Survey of EcclesiastesBook Type: The fifth book of Wisdom; the twenty-first book of the Old Testament; the twenty-first book of the Bible.
Author: Traditionally considered to be King Solomon.
Audience: Ecclesiastes was written as both self-reflection and to record wisdom to the Jewish people. Assuming that the words are those of Solomon, they were likely written toward the end of his reign. Here, he takes the role of a teacher or preacher speaking to students. He seeks to provide wise sayings that easily register with the readers without much additional explanation. The summary message is that God is the only source of true meaning, and the true purpose for our lives. This, the author has discovered through self-experiments and great cost. In Jewish tradition, Ecclesiastes was read on the day of Pentecost.
Date: If written by Solomon, Ecclesiastes was written during his reign between approximately 970—931 BC. Given its descriptions of hedonism, materialism, and frustration, it would have been penned near the end of Solomon's life.
Overview: While the book of Proverbs is meant to be understood in small pieces, this is not the case with Ecclesiastes. Much of the book is rhetorical—meaning it is stated in order to explore a certain idea. The final verses show the ultimate conclusion this train of thought will lead to.
Ecclesiastes includes 12 chapters broadly organized around Solomon's search for the true meaning of life. After a brief preface in Ecclesiastes 1:1¬–11, Solomon's four-part experiment unfolds. The book begins with an introduction (Ecclesiastes 1:12–18), followed by seeking meaning through pleasure (Ecclesiastes 2:1–11), through wisdom and folly (Ecclesiastes 2:12–17), and through work and rewards (Ecclesiastes 2:18—6:9). This focus on work is the longest section of the book, concerned with the tentative nature of the rewards of one's efforts.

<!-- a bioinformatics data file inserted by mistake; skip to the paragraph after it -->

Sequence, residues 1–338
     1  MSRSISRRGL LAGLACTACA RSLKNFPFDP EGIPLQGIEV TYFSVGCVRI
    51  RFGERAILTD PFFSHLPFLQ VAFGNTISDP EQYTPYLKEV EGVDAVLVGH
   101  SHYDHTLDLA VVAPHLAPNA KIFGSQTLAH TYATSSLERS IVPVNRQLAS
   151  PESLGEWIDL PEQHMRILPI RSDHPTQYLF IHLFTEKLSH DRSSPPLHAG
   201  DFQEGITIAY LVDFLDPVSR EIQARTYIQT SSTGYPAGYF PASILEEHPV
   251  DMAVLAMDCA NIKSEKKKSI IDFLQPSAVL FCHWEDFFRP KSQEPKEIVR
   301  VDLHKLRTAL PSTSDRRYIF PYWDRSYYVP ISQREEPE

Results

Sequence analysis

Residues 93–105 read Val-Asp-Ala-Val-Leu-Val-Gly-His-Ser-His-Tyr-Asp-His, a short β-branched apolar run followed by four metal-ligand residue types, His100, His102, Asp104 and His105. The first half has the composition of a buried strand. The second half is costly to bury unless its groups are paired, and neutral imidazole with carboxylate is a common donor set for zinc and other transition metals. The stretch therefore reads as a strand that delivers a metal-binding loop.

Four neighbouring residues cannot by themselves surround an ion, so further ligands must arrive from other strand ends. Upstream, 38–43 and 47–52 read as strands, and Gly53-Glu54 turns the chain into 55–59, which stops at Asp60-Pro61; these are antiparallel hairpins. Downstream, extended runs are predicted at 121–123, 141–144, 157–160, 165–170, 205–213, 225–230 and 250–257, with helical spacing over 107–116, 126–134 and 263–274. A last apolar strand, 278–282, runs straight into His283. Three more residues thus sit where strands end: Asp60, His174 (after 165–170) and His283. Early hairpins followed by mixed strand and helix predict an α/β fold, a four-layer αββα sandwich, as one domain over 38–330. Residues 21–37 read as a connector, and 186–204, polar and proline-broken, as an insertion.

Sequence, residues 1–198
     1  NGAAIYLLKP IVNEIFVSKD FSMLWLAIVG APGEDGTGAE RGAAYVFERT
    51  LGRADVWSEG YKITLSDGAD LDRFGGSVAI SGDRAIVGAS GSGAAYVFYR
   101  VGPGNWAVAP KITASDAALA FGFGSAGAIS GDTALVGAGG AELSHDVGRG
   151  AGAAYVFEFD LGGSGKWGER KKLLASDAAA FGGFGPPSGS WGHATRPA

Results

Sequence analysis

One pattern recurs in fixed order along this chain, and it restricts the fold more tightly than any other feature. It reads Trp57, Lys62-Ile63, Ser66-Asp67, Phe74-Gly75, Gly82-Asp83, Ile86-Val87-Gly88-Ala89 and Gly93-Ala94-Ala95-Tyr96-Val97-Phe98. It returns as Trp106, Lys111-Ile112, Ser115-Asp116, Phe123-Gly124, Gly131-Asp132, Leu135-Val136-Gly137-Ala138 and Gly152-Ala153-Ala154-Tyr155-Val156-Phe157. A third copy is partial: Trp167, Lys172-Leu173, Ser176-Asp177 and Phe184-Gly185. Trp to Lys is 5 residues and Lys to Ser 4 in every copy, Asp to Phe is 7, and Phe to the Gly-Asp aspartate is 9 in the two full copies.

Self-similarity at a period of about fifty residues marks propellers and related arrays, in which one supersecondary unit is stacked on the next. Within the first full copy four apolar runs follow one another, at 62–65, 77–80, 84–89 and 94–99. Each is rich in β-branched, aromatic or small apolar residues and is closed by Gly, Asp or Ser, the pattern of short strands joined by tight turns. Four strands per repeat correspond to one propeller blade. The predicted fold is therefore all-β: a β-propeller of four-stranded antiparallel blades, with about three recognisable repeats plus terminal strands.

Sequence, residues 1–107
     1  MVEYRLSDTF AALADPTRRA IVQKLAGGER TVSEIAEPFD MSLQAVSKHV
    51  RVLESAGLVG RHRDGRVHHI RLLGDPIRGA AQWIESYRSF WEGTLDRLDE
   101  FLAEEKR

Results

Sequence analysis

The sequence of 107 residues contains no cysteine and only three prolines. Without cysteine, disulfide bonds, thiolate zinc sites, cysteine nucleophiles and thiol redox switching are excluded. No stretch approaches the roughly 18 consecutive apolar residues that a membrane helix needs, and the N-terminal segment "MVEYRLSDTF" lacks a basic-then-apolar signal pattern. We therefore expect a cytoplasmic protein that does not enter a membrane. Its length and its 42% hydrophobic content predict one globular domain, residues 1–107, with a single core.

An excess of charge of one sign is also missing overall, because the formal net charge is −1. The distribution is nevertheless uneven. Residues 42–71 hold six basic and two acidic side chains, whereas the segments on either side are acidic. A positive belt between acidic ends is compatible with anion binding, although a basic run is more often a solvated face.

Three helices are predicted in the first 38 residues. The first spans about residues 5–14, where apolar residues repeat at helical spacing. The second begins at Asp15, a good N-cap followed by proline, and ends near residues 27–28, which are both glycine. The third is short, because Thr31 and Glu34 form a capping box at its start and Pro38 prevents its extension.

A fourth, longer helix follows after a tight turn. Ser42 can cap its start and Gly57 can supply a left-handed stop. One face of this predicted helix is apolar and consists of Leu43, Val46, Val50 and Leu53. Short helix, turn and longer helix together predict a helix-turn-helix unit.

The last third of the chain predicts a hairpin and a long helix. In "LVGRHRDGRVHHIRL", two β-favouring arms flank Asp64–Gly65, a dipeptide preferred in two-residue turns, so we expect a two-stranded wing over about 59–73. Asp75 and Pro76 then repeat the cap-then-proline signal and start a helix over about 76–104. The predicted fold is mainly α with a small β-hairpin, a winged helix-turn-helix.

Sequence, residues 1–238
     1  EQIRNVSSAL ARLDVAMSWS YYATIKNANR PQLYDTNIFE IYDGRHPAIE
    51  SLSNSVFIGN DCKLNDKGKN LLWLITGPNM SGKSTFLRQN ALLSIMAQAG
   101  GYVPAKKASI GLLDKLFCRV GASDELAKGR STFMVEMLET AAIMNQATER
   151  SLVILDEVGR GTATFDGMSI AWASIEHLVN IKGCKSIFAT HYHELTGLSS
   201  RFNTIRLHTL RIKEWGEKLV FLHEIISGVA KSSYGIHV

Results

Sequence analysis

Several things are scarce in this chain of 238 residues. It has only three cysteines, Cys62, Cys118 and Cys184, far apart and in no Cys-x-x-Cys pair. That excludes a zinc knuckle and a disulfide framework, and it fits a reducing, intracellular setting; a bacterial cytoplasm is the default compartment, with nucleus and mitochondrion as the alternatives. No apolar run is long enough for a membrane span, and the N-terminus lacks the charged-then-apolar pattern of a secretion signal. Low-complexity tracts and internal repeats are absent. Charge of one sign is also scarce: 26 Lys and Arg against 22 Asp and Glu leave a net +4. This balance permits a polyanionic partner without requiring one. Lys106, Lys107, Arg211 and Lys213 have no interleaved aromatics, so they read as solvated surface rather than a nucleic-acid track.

Solomon's conclusions are then discussed in chapters 6—12. Solomon explains the limitations of wisdom in chapters 7—8. Themes of prosperity, suffering, justice, evil, wisdom, and rulers all have their place, yet these all create limits on what a person can know about the future.
In chapters 9—11, Solomon expresses concern over human mortality. He notes that all people die, can do nothing from the grave, do not know when they will die, or what will happen in the future. This could lead to despair, yet Solomon notes that purpose, meaning, and enjoyment of life are based on honoring God and living for Him. This, instead of pleasure or work or wisdom, is the best strategy for a life well lived (Ecclesiastes 11:7—12:8). He concludes his investigation with closing words of advice as well as information about himself as the author (Ecclesiastes 12:9—14).
Key Verses (ESV):
Ecclesiastes 1:2: "Vanity of vanities, says the Preacher, vanity of vanities! All is vanity."
Ecclesiastes 1:8: "All things are full of weariness; a man cannot utter it; the eye is not satisfied with seeing, nor the ear filled with hearing."
Ecclesiastes 1:18: "For in much wisdom is much vexation, and he who increases knowledge increases sorrow."
Ecclesiastes 2:1: "I said in my heart, 'Come now, I will test you with pleasure; enjoy yourself.' But behold, this also was vanity."
Ecclesiastes 2:11: "Then I considered all that my hands had done and the toil I had expended in doing it, and behold, all was vanity and a striving after wind, and there was nothing to be gained under the sun."
Ecclesiastes 3:1: "For everything there is a season, and a time for every matter under heaven."
Ecclesiastes 12:1: "Remember also your Creator in the days of your youth, before the evil days come and the years draw near of which you will say, 'I have no pleasure in them.'"
Ecclesiastes 12:13: "The end of the matter; all has been heard. Fear God and keep his commandments, for this is the whole duty of man."